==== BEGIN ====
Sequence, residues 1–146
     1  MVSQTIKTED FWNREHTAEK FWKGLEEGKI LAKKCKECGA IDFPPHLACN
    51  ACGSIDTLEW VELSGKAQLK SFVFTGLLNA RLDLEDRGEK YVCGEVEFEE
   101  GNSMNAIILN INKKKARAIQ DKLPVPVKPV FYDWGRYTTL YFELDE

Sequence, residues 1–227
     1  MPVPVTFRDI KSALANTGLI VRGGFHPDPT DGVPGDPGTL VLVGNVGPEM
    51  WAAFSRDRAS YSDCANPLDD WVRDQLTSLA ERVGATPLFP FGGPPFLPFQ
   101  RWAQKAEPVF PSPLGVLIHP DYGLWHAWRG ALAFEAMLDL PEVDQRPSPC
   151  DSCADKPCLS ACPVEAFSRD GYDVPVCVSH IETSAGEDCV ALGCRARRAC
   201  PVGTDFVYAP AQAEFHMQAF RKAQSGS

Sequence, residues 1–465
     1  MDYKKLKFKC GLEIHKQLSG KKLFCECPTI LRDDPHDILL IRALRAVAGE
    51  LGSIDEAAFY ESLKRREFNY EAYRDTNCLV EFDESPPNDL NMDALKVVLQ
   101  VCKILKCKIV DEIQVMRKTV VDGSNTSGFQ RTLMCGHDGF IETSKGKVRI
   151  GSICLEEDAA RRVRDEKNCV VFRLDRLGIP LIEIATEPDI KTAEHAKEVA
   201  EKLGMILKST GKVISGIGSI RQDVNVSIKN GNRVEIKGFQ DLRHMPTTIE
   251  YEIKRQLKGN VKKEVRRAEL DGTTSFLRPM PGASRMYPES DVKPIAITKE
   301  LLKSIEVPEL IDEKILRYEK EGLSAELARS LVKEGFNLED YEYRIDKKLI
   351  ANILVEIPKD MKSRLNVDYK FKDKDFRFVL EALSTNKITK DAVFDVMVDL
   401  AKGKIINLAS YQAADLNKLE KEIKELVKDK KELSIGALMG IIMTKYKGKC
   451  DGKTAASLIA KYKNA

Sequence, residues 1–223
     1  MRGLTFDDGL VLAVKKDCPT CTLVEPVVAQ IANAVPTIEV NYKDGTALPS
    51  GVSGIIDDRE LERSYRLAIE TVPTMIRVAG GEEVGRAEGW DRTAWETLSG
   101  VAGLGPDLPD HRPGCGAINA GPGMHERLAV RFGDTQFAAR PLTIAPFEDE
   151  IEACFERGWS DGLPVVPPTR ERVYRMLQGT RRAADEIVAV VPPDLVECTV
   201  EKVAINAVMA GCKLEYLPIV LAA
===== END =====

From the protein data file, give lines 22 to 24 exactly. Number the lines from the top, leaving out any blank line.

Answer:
Sequence, residues 1–223
     1  MRGLTFDDGL VLAVKKDCPT CTLVEPVVAQ IANAVPTIEV NYKDGTALPS
    51  GVSGIIDDRE LERSYRLAIE TVPTMIRVAG GEEVGRAEGW DRTAWETLSG